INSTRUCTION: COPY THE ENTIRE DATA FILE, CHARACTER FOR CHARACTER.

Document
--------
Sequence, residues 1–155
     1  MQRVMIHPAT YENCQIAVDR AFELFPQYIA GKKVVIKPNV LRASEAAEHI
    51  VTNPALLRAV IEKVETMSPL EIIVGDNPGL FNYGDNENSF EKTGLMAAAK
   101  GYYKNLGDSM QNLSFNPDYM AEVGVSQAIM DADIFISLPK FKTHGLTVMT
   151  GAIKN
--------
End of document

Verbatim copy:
Sequence, residues 1–155
     1  MQRVMIHPAT YENCQIAVDR AFELFPQYIA GKKVVIKPNV LRASEAAEHI
    51  VTNPALLRAV IEKVETMSPL EIIVGDNPGL FNYGDNENSF EKTGLMAAAK
   101  GYYKNLGDSM QNLSFNPDYM AEVGVSQAIM DADIFISLPK FKTHGLTVMT
   151  GAIKN